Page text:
United States Nuclear Power

Federal Regulations, Codes, & Standards

Users Group ©

NRC Section XI Report - May 2006

Site Updates

Presented By:  Mr. Wally Norris, United States Nuclear Regulatory Commission

NRC Report
May 2006

1.    Amendments to 10 CFR 50.55a


A final amendment to 10 CFR 50.55a incorporating by reference the 2001 Edition up to and including the 2003 Addenda of the ASME Boiler and Pressure Vessel Code, was published on October 1, 2004 (69 FR 58804).  The rule became effective on November 1, 2004.


There will be a public meeting on Monday, May 15, 2006, from 5:30 - 7:30 pm during the ASME meetings in Phoenix, AZ, to discuss the 2004 Edition.  The purpose of the meeting is to inform industry representatives of those provisions in the 2004 Edition where questions have been raised by NRC staff and solicit comments from stakeholders and other interested parties.  It was reported at the ASME meetings in February that the proposed rule would be published for public comment in summer 2006.  The NRC staff has been working on the endorsement of several safety-significant ASME actions however, which has delayed the proposed rule.  Publication of the proposed rule for public comment is now scheduled for early 2007.


2.    ASME Code Cases - Rulemaking/Regulatory Guides


Three final regulatory guides addressing ASME Code Cases were noticed in the Federal Register on September 29, 2005, (70 FR 56938-56939) - Revision 33 to Regulatory Guide 1.84, “Design, Fabrication, and Materials Code Case Acceptability, ASME Section III; Revision 14 to Regulatory Guide 1.147, “Inservice Inspection Code Case Acceptability, ASME Section XI, Division 1; and Revision 1 to Regulatory Guide 1.193, “ASME Code Cases Not Approved for Use.”  The guides address the Code Cases in Supplement 12 to the 1998 Edition through Supplement 6 to the 2001 Edition.  The guides are available electronically in the Regulatory Guides Document Collection of the NRC's public Web site at



Draft Revision 34 to RG 1.84, Draft Revision 15 to RG 1.147, and Draft Revision 2 to RG 1.193 have been approved and are awaiting publication.


The staff has completed its review of Supplements 2, 3, 4, 5, and 6 to the 2004 Edition and has begun its review of Supplement 7.


3.    Risk-Informed Activities


By letter dated August 10, 2004, the Westinghouse Owners Group (WOG), now known as the Pressurized Water Reactor Owners Group (PWR Owners Group), submitted Topical Report (TR) WCAP-14572, Revision 1-NP-A, Supplement 2, "Westinghouse Owners Group Application of Risk-Informed Methods to Piping Inservice Inspection Topical Report Clarifications,” (WCAP‑14572, Sup. 2) to the U.S. Nuclear Regulatory Commission (NRC) staff for review and approval.


WCAP-14572, Sup. 2, addresses the following three topics:


1)         A methodology for evaluating a segment that includes piping with different diameters (i.e., a multiple pipe diameter (MPD) segment) and for selecting locations for examination as an alternative to the previously approved methodology presented in the approved WCAP-14572.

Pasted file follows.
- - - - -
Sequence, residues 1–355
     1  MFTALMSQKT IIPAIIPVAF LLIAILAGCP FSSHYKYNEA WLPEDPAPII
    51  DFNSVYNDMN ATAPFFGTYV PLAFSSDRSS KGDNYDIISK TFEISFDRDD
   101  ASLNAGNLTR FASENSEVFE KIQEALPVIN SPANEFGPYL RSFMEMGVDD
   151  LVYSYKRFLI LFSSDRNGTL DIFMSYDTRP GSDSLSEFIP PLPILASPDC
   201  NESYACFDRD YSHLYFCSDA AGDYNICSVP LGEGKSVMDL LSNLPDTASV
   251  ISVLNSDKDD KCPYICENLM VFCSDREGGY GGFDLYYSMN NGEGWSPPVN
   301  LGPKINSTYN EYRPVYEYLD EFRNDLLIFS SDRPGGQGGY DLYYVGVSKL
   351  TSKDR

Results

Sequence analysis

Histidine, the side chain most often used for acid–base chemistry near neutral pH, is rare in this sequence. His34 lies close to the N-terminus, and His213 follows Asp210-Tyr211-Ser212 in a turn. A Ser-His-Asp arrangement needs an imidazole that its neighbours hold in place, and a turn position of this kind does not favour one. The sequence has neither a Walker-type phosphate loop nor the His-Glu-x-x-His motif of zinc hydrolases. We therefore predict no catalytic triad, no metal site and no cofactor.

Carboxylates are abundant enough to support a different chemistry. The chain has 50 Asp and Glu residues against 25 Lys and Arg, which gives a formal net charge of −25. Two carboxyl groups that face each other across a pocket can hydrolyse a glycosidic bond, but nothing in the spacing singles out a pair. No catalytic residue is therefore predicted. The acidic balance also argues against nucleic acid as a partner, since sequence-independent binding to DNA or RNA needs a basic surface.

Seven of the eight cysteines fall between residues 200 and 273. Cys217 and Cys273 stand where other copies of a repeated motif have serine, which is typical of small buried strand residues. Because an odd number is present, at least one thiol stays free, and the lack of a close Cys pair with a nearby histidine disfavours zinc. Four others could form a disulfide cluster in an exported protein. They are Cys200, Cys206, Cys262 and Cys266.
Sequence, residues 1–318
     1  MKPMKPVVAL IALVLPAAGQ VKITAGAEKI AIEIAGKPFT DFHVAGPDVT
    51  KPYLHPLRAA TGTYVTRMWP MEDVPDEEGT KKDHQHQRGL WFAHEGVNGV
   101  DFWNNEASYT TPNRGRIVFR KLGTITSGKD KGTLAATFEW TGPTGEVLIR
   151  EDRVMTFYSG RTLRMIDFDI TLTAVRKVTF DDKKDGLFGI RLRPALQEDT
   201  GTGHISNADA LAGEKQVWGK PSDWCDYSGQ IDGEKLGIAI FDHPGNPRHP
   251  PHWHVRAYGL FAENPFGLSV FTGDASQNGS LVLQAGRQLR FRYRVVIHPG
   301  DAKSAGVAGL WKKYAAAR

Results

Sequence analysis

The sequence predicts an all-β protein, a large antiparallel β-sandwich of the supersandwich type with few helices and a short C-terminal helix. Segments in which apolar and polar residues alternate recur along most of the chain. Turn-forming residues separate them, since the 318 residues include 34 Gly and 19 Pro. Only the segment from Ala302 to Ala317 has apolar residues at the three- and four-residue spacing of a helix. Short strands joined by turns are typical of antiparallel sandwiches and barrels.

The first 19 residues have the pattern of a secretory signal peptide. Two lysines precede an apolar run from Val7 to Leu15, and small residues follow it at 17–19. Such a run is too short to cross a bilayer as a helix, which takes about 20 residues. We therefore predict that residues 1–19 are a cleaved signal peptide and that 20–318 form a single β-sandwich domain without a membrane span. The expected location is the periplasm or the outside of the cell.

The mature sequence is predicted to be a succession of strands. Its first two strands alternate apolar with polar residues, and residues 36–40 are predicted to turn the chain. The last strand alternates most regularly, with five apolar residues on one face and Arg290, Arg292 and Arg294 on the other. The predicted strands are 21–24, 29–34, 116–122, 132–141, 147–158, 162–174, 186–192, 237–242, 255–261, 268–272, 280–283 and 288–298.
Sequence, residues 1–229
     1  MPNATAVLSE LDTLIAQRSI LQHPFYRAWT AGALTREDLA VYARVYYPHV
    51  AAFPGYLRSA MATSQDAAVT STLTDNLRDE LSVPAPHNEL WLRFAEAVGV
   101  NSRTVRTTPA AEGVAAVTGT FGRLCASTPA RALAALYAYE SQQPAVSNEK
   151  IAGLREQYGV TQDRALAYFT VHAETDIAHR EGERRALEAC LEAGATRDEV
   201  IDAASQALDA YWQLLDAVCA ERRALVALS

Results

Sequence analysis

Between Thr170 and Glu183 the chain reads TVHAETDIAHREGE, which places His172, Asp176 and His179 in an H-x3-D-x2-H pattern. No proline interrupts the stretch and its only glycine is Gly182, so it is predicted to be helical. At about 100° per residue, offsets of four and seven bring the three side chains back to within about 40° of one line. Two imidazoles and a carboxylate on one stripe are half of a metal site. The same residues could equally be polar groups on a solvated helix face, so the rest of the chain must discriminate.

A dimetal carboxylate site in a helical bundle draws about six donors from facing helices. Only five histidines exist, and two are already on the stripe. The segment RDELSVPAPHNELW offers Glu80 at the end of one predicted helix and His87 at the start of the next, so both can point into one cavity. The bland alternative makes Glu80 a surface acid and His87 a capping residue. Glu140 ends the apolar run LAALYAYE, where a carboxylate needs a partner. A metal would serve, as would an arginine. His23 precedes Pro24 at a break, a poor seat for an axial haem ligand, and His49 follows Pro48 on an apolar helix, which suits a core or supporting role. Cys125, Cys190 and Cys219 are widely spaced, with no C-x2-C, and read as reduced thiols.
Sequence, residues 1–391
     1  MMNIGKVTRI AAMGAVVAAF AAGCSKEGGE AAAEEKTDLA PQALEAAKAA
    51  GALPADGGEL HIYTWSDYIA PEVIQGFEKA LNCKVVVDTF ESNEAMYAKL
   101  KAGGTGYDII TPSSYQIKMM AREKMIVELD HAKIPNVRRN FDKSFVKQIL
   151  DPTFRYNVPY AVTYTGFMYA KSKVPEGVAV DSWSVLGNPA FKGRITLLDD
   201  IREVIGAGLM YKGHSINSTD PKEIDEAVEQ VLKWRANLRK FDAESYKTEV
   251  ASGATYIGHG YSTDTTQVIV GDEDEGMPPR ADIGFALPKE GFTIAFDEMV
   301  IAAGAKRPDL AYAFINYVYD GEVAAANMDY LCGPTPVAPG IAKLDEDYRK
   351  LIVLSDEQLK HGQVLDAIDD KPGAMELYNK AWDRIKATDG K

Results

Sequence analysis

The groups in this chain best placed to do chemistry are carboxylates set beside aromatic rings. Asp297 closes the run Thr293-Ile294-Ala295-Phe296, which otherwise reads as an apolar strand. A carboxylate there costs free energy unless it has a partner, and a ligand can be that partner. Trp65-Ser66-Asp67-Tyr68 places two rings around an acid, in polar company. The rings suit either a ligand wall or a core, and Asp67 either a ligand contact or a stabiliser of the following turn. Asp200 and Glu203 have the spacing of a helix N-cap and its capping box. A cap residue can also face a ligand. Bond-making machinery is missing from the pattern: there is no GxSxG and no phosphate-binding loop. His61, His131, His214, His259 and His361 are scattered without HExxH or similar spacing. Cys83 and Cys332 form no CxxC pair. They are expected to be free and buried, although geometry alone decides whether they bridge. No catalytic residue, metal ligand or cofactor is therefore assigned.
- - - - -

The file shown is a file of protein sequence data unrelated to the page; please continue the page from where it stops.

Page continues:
2)         The expert panel decision process for moving a segment that, based on the quantitative results, would normally be high-safety significant (HSS) into the low-safety significant (LSS) segment category.


3)         Requirements for examination based on the postulated failure modes and configuration of each piping structural element as an alternative to the previously approved methodology presented in the approved WCAP-14572.


By letter dated May 1, 2006, the NRC staff has found that WCAP-14572, Supp. 2, is acceptable for referencing in licensing applications to the extent specified and under the limitations delineated in the TR and in the final Safety Evaluation (ML0061160035).  The final SE defines the basis for our acceptance of the TR.


Risk-Informed ISI - 10 year Interval Updates


Many of the RI-ISI programs approved in the late 1990's and early 2000's were approved before the industry Peer Review process was in place.  All RI-ISI programs have been approved as living programs that require feedback of new relevant information.  The NRC staff considers the completion of an industry peer review (or other PRA reviews) to be new relevant information.  Comments generated by other reviews should also be incorporated as new relevant information (or disposition as not important to the RI-ISI program) before completing the 10 year Interval Update evaluation.  Consequently, licensees that have had the original RI-ISI program approved without addressing review observations, may be requested to report on their resolution of these observations during the NRC’s review of the 10 year Interval Update relief request.


10 CFR 50.69 - Risk Informed Special Treatment Requirements


A Federal Register Notice of the availability of Regulatory Guide 1.201, “Guidelines for Categorizing Structures, Systems, and Components in Nuclear Power Plants According to Their Safety Significance,” was published on January 27, 2006 (ADAMS No. ML060260361).  The guide, also issued for trial use on January 27, 2006, (ML060260164), provided guidance for use in developing and assessing evaluation models for accident and transient analyses.


Based on a public comment, Revision 1 of Regulatory Guide 1.201 was issued on April 28, 2006 (ML061090627); Federal Register Notice of Availability (ML061090666).  Based on additional comment, a new version of the RG with some changes to clarify staff intent will be issued in May 2006.